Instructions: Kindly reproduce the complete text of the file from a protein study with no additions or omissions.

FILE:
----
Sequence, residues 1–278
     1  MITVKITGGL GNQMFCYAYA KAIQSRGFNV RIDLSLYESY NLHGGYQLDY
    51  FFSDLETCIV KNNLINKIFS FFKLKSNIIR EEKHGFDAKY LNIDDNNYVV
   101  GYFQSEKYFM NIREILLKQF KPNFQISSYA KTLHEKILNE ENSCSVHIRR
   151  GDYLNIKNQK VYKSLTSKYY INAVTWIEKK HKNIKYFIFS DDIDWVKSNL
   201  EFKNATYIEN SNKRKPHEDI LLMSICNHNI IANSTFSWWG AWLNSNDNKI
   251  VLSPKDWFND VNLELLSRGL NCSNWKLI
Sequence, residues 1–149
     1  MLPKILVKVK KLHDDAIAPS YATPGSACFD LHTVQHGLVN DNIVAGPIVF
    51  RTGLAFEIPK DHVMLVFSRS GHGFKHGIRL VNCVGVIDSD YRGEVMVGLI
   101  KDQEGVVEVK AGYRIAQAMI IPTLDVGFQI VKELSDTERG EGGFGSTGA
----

Sequence, residues 1–278
     1  MITVKITGGL GNQMFCYAYA KAIQSRGFNV RIDLSLYESY NLHGGYQLDY
    51  FFSDLETCIV KNNLINKIFS FFKLKSNIIR EEKHGFDAKY LNIDDNNYVV
   101  GYFQSEKYFM NIREILLKQF KPNFQISSYA KTLHEKILNE ENSCSVHIRR
   151  GDYLNIKNQK VYKSLTSKYY INAVTWIEKK HKNIKYFIFS DDIDWVKSNL
   201  EFKNATYIEN SNKRKPHEDI LLMSICNHNI IANSTFSWWG AWLNSNDNKI
   251  VLSPKDWFND VNLELLSRGL NCSNWKLI
Sequence, residues 1–149
     1  MLPKILVKVK KLHDDAIAPS YATPGSACFD LHTVQHGLVN DNIVAGPIVF
    51  RTGLAFEIPK DHVMLVFSRS GHGFKHGIRL VNCVGVIDSD YRGEVMVGLI
   101  KDQEGVVEVK AGYRIAQAMI IPTLDVGFQI VKELSDTERG EGGFGSTGA